Deepika Padukone has been dropped from – or has dropped out of – Sanjay Leela Bhansali’s forthcoming film Baiju Bawra after making a perfectly reasonable request – that she be paid remuneration equal to her co-lead’s pay. Incidentally, she is also married to her former co-lead, Ranveer Singh.
Bhansali and Padukone had previously worked together on Bajirao Mastani, Goliyon Ki Raasleela Ram-Leelaand Padmaavat (all of which also starred Singh). She was a known collaborator, whom the director could trust; when word got out about the rejection, she even put up a heartfelt post online thanking him for what she called an “iconic partnership” over the years. Her chemistry with Singh was guaranteed, both professionally and personally. Why would Bhansali and the producers look any further for a leading lady, and why wouldn’t they pay the perfect one what she deserved?
Padukone’s 12 crore remuneration in Padmavaat had made her Bollywood’s highest earning woman actor (Kareena Kapoor reportedly requested the same recently to essay Sita’s character in Alaukik Desai’s forthcoming Ramayana adaptation, and was denied the role). This figure may seem astronomical to most of us, but in its correct context, it is practically just an honorarium, not real remuneration. In contrast, Bollywood’s highest paid actor, a man named Shah Rukh Khan, can make 100 crores per film. Gender-based pay disparity among Bollywood actors is an issue that Taapsee Panu, Sonam Kapoor, Priyamani, Padukone herself and many others have spoken out about or hinted at, usually in relation to having been ousted from talks because they asked to be paid fairly. But little has changed despite these occasional rumbles, as this Baiju Bawra fiasco shows. If this is how prejudicial things are at the very top, imagine how the disparity trickles down through the ranks of the industry.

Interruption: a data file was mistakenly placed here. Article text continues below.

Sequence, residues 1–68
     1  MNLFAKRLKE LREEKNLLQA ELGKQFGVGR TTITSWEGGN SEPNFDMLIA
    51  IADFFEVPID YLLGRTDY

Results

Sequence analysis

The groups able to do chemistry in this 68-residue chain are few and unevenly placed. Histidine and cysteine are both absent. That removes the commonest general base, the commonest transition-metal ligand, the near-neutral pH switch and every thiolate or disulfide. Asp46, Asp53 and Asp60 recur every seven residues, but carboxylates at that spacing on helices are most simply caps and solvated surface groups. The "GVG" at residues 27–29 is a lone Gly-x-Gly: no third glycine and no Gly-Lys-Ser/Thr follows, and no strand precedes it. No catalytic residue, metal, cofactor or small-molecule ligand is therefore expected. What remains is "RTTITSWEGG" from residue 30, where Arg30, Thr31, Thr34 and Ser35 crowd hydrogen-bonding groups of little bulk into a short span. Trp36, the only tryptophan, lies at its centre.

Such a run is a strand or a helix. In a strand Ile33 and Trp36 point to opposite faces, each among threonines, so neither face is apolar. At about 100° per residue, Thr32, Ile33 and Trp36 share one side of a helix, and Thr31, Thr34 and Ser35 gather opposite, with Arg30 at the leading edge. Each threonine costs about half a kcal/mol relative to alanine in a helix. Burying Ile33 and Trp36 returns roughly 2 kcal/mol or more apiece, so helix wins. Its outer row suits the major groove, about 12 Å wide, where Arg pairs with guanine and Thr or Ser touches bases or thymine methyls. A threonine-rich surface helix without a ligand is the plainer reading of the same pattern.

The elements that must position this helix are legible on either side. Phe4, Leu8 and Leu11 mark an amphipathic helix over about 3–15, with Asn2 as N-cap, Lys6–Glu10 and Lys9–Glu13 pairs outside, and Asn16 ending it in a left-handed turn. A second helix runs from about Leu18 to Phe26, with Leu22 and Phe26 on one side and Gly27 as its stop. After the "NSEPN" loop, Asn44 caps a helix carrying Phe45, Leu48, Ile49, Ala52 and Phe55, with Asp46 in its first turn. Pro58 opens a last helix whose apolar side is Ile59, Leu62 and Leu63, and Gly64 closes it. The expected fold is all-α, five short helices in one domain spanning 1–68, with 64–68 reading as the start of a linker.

What I would really like to see now is Ranveer Singh taking a stand. Will he drop out of the film as well, and make a statement about how he did it because his co-star was not being paid equally? This could encourage a ripple effect of beneficial copycatting in the industry, and bolster Padukone’s own stand, thus making it easier for others to both discuss and demand pay parity. Alternately: will he tell the producers to reduce his own wages so that they would be able to afford hiring both Padukone and himself for the project? The second possibility will be a nice, smart way to snub those who denied Padukone her rightful income. As very successful actors who, being married and all, probably pool some or all of their incomes, neither of them would be making a major artistic or financial compromise this way. More importantly, it would publicly be an exposure of how such calculations are made by producers to begin with, and how they automatically privilege male stars.
Padukone’s dissatisfaction should be enough to set things straight, but if it were, she and the rest of Bollywood’s women wouldn’t be in this situation to begin with. Since it isn’t enough, maybe it’s time that Singh and other men shouldered the load of making a righteous fuss more often. After all, they can quite literally afford to.
An edited version appeared in The New Indian Express on August 12th 2021. “The Venus Flytrap” appears in Chennai’s City Express supplement.